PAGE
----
Now, the Henderson-Hasselbalch equation allows you to calculate the pH of a buffer without having to use an ICE chart. Here, we're going to say it only applies to buffers composed of a conjugate acid-base pair. We can look at the Henderson-Hasselbalch equation as two different formulas. The formula that you use is based on if they give you the Ka or Kb of your buffer solution. If they give you the Ka of your buffer solution, you can say that pH equals pKa plus logconjugate baseweak acid. Now, if they give you Kb, then you could use this formula: pH equals pKb plus logconjugate acidweak base. Now, when it comes to the sign, the brackets, we know that it tends to mean molarity or concentration. For the Henderson-Hasselbalch equations, it could also be used for moles. Okay. So, just remember that the units that can go within these brackets can be either molarity or moles. Remember that moles itself equals liters times molarity, so keep that in mind when you utilize the Henderson-Hasselbalch equations.
- 1. Matter and Measurements4h 29m
- What is Chemistry?5m
- The Scientific Method9m
- Classification of Matter16m
- States of Matter8m
- Physical & Chemical Changes19m
- Chemical Properties8m
- Physical Properties5m
- Intensive vs. Extensive Properties13m
- Temperature (Simplified)9m
- Scientific Notation13m
- SI Units (Simplified)5m
- Metric Prefixes24m
- Significant Figures (Simplified)11m
- Significant Figures: Precision in Measurements7m
- Significant Figures: In Calculations19m
- Conversion Factors (Simplified)15m
- Dimensional Analysis22m
- Density12m
- Specific Gravity9m
- Density of Geometric Objects19m
- Density of Non-Geometric Objects9m
- 2. Atoms and the Periodic Table5h 23m
- The Atom (Simplified)9m
- Subatomic Particles (Simplified)12m
- Isotopes17m
- Ions (Simplified)22m
- Atomic Mass (Simplified)17m
- Atomic Mass (Conceptual)12m
- Periodic Table: Element Symbols6m
- Periodic Table: Classifications11m
- Periodic Table: Group Names8m
- Periodic Table: Representative Elements & Transition Metals7m
- Periodic Table: Elemental Forms (Simplified)6m
- Periodic Table: Phases (Simplified)8m
- Law of Definite Proportions9m
- Atomic Theory9m
- Rutherford Gold Foil Experiment9m
- Wavelength and Frequency (Simplified)5m
- Electromagnetic Spectrum (Simplified)11m
- Bohr Model (Simplified)9m
- Emission Spectrum (Simplified)3m
- Electronic Structure4m
- Electronic Structure: Shells5m
- Electronic Structure: Subshells4m
- Electronic Structure: Orbitals11m
- Electronic Structure: Electron Spin3m
- Electronic Structure: Number of Electrons4m
- The Electron Configuration (Simplified)22m
- Electron Arrangements5m
- The Electron Configuration: Condensed4m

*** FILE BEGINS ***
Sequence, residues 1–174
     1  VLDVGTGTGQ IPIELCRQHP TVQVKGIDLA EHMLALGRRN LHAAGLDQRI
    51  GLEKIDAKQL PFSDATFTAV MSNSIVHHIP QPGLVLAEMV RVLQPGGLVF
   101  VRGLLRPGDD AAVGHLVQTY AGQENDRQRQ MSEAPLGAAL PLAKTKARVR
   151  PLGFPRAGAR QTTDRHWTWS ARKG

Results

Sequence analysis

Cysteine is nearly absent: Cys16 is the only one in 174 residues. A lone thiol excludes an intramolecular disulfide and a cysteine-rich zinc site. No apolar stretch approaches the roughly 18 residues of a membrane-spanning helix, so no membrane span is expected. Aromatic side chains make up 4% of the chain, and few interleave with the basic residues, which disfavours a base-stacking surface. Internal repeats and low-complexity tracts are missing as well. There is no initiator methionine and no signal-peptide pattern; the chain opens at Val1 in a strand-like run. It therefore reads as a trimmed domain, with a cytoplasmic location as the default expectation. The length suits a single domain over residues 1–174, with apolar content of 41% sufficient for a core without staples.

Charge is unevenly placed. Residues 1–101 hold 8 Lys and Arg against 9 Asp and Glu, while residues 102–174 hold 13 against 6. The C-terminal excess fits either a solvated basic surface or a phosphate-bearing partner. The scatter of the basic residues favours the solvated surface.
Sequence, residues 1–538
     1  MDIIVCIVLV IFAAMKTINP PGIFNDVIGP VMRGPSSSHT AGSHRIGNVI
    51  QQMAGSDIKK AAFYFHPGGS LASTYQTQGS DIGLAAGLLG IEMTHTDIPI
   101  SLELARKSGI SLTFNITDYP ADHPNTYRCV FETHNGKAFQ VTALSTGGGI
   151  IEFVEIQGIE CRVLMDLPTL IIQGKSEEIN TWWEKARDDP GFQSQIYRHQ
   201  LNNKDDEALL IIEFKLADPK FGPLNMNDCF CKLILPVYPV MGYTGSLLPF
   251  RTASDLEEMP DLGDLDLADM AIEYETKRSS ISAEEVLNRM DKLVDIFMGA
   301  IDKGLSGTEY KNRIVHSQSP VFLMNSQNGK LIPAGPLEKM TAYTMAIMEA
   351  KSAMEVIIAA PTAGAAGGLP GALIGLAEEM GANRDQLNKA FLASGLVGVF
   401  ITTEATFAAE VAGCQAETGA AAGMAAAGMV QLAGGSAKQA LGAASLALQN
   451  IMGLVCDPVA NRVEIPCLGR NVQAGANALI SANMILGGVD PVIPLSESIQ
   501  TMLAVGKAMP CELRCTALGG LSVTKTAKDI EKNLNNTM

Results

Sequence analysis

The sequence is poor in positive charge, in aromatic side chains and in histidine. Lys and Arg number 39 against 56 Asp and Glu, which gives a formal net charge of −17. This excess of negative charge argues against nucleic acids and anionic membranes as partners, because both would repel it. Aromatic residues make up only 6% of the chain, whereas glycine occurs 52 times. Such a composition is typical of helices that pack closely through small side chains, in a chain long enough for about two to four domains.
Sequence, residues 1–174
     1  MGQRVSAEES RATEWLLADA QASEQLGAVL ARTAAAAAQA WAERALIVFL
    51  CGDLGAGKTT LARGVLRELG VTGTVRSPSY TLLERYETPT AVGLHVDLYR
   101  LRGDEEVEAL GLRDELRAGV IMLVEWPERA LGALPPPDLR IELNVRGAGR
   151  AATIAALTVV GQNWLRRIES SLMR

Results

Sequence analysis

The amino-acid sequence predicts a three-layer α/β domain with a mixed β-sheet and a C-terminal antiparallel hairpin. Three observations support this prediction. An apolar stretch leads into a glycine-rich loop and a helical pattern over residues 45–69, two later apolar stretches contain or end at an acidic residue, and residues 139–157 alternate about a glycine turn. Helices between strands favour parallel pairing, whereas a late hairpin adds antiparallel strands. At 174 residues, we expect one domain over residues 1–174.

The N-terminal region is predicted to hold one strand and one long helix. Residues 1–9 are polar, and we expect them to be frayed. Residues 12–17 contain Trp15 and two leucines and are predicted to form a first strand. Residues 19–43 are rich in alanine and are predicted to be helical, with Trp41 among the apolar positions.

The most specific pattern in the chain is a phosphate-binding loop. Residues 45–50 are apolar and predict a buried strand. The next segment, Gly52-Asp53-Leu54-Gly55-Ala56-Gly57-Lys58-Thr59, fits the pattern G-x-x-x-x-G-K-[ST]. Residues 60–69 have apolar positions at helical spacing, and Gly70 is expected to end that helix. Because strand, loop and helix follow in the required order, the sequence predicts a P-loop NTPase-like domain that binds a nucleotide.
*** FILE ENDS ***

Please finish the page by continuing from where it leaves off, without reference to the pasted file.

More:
- The Electron Configuration: Exceptions (Simplified)12m
- Ions and the Octet Rule9m
- Ions and the Octet Rule (Simplified)8m
- Valence Electrons of Elements (Simplified)5m
- Lewis Dot Symbols (Simplified)7m
- Periodic Trend: Metallic Character4m
- Periodic Trend: Atomic Radius (Simplified)7m
- 3. Ionic Compounds2h 18m
- Periodic Table: Main Group Element Charges12m
- Periodic Table: Transition Metal Charges6m
- Periodic Trend: Ionic Radius (Simplified)5m
- Periodic Trend: Ranking Ionic Radii8m
- Periodic Trend: Ionization Energy (Simplified)9m
- Periodic Trend: Electron Affinity (Simplified)8m
- Ionic Bonding6m
- Naming Monoatomic Cations6m
- Naming Monoatomic Anions5m
- Polyatomic Ions25m
- Naming Ionic Compounds11m
- Writing Formula Units of Ionic Compounds7m
- Naming Ionic Hydrates6m
- Naming Acids18m
- 4. Molecular Compounds2h 18m
- Covalent Bonds6m
- Naming Binary Molecular Compounds6m
- Molecular Models4m
- Bonding Preferences6m
- Lewis Dot Structures: Neutral Compounds (Simplified)8m
- Multiple Bonds4m
- Multiple Bonds (Simplified)6m
- Lewis Dot Structures: Multiple Bonds10m
- Lewis Dot Structures: Ions (Simplified)8m
- Lewis Dot Structures: Exceptions (Simplified)12m
- Resonance Structures (Simplified)5m
- Valence Shell Electron Pair Repulsion Theory (Simplified)4m
- Electron Geometry (Simplified)8m
- Molecular Geometry (Simplified)11m
- Bond Angles (Simplified)11m
- Dipole Moment (Simplified)15m
- Molecular Polarity (Simplified)7m
- 5. Classification & Balancing of Chemical Reactions3h 17m
- Chemical Reaction: Chemical Change5m
- Law of Conservation of Mass5m
- Balancing Chemical Equations (Simplified)13m
- Solubility Rules16m
- Molecular Equations18m
- Types of Chemical Reactions12m
- Complete Ionic Equations18m
- Calculate Oxidation Numbers15m
- Redox Reactions17m
- Spontaneous Redox Reactions8m
- Balancing Redox Reactions: Acidic Solutions17m
- Balancing Redox Reactions: Basic Solutions17m
- Balancing Redox Reactions (Simplified)13m
- Galvanic Cell (Simplified)16m
- 6. Chemical Reactions & Quantities2h 35m
- 7. Energy, Rate and Equilibrium3h 46m
- Nature of Energy6m
- First Law of Thermodynamics7m
- Endothermic & Exothermic Reactions7m
- Bond Energy14m
- Thermochemical Equations12m
- Heat Capacity19m
- Thermal Equilibrium (Simplified)8m
- Hess's Law23m
- Rate of Reaction11m
- Energy Diagrams12m
- Chemical Equilibrium7m
- The Equilibrium Constant14m
- Le Chatelier's Principle23m
- Solubility Product Constant (Ksp)17m
- Spontaneous Reaction10m
- Entropy (Simplified)9m
- Gibbs Free Energy (Simplified)18m
- 8. Gases, Liquids and Solids3h 25m
- Pressure Units6m
- Kinetic Molecular Theory14m
- The Ideal Gas Law18m
- The Ideal Gas Law Derivations13m
- The Ideal Gas Law Applications6m
- Chemistry Gas Laws16m
- Chemistry Gas Laws: Combined Gas Law12m
- Standard Temperature and Pressure14m
- Dalton's Law: Partial Pressure (Simplified)13m
- Gas Stoichiometry18m
- Intermolecular Forces (Simplified)19m
- Intermolecular Forces and Physical Properties11m
- Atomic, Ionic and Molecular Solids10m
- Heating and Cooling Curves30m
- 9. Solutions4h 10m
- Solutions6m
- Solubility and Intermolecular Forces18m